NCTA Calls On FCC To Initiate Steps To Develop Robust Digital Set-Top Market

Spurring market could improve broadband adoption
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A robust retail market in digital set-tops has not
materialized, the National Cable & Telecommunications Association says, and
it calls on the FCC to initiate a broad notice of inquiry to discover how, and
whether, such a market can be achieved.

That came in a letter to FCC Media Bureau Chief Bill
Lake from NCTA President
Kyle McSlarrow Friday and followed the FCC's announcement of a request for
comment on spurring a market in set-tops that could deliver both cable and
broadband video to TVs as a way of spurring broadband adoption--76% of homes
have computers, over 99% have TVs.

But NCTA wants the FCC to take the next step and open a
notice of inquiry.

"As an initial matter, we agree that a
fully-competitive retail navigation device market has not yet developed -
despite the persistent efforts of the commission, the cable industry, and consumer
electronics manufacturers and retailers," said McSlarrow.

The FCC tried to spur that market with a mandate that the
surfing and security functions be separated, but has recognized that did not do
the trick.

NCTA points out that even if it had developed, it would have
been based on a video landscape that does not reflect today's marketplace. That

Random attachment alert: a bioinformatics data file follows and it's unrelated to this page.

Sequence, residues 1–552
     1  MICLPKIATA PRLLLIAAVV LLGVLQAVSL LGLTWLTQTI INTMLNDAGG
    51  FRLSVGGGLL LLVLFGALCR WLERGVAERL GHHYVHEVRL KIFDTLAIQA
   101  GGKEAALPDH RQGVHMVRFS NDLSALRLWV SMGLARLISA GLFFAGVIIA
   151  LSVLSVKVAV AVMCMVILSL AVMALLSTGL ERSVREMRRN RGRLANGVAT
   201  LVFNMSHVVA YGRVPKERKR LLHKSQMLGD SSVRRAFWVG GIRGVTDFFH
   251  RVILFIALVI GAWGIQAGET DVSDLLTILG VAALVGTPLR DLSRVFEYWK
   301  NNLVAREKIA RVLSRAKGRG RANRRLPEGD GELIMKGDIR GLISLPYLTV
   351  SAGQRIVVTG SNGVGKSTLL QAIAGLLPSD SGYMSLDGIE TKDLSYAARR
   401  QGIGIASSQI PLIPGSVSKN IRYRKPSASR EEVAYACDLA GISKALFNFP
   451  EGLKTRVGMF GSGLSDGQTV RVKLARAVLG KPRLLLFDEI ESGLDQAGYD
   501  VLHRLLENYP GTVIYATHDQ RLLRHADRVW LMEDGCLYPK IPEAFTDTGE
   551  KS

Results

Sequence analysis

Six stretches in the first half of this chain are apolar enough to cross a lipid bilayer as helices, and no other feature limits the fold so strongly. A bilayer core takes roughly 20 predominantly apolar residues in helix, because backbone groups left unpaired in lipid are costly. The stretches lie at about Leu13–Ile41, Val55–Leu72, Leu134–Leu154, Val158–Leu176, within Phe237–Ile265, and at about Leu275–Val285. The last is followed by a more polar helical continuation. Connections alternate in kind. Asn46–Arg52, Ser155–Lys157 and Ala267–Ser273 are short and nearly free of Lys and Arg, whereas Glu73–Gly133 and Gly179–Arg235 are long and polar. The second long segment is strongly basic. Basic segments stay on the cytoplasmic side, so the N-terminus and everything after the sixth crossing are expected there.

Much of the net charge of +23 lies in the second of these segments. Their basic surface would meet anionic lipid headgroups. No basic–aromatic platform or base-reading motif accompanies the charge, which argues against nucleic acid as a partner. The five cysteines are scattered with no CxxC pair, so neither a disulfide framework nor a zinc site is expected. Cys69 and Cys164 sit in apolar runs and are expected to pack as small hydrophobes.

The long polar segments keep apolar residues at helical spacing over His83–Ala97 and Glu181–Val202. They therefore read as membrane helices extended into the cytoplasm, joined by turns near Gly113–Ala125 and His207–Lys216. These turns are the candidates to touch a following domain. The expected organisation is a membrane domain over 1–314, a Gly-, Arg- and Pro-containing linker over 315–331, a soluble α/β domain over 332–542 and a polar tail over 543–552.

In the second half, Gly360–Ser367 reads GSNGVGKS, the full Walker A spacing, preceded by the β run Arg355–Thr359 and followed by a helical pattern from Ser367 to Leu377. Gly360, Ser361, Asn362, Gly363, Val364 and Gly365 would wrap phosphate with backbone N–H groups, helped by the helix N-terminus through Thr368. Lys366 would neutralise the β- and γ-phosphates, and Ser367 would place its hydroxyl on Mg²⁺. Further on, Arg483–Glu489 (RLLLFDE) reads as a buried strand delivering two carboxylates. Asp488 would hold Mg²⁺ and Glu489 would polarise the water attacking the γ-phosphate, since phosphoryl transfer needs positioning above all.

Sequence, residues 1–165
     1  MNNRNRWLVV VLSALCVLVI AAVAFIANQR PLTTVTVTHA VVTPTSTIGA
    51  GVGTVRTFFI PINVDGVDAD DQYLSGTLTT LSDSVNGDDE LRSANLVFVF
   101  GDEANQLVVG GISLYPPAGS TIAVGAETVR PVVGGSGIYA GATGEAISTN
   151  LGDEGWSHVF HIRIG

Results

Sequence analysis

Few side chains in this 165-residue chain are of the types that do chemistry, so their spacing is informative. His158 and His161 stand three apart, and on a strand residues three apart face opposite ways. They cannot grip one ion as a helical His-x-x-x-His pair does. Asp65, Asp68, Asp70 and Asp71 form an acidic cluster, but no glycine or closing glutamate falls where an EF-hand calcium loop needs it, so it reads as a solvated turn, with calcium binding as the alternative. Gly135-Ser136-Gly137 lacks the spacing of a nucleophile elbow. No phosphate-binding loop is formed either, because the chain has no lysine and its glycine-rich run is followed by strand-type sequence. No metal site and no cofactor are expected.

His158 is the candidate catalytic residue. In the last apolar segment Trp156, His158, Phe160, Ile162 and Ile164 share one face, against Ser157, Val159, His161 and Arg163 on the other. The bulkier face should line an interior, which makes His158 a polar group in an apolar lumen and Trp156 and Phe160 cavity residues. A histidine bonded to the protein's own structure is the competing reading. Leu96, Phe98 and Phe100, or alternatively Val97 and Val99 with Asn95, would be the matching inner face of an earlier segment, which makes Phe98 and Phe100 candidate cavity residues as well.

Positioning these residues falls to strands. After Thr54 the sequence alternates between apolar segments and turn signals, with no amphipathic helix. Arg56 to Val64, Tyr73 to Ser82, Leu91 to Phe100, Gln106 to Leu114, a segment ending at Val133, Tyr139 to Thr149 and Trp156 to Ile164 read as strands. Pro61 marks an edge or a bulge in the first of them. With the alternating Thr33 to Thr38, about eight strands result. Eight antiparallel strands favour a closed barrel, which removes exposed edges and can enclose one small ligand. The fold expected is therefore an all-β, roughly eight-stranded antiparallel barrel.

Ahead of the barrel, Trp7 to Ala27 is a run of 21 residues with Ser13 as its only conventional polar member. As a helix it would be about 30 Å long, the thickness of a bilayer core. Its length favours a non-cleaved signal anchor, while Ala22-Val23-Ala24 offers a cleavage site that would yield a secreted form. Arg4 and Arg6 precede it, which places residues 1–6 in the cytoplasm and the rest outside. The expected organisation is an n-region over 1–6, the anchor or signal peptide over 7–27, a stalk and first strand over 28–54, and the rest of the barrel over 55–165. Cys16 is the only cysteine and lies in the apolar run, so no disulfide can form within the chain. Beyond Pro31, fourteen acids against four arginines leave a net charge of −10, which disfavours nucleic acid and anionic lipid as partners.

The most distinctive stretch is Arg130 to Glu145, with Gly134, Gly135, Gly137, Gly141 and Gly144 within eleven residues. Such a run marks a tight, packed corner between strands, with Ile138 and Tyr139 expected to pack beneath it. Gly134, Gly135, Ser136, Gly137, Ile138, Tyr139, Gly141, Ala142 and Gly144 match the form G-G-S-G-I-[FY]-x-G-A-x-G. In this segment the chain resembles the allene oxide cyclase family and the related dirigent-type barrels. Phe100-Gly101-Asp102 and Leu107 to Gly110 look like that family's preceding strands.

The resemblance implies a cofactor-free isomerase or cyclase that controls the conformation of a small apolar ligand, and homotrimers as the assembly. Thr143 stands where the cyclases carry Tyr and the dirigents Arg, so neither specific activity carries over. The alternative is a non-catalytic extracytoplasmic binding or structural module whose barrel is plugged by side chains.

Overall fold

is a point cable operators made against the mandate in the first place, saying
a hardware fix--the CableCARD technology--would likely be outstripped by a
downloadable version (then FCC Chairman Kevin Martin said the industry needed a
deadline).

NCTA noted that the FCC's request for comment talked about a
platform-agnostic approach to a "plug-and-play" solution. It pointed
out that it has long argued for a platform-agnostic approach that would allow
devices to work across satellite and telco platforms, too, which are not under
the same set-top mandate as cable.

He said that undeveloped market came despite the cable
industry's best efforts, pointing out the industry has deployed over 17 million
set-tops with CableCARDS.

While it is contemplating changes, McSlarrow asked the FCC
to continue to consider waivers of the mandate, including for HD boxes--which
the FCC has indicated it is receptive to--and of the requirement that every operator-supplied
box have a CableCARD slot.

NCTA got a shout-out from Public Knowledge for the letter.
"We are pleased that the cable industry has joined us in supporting an FCC
inquiry into the state of the set-top box market.

We agree with NCTA President Kyle McSlarrow," said
Public Knowledge President Gigi Sohn in a statement. "We also agree that the
rules for set-top boxes and related devices should apply to all video
providers."

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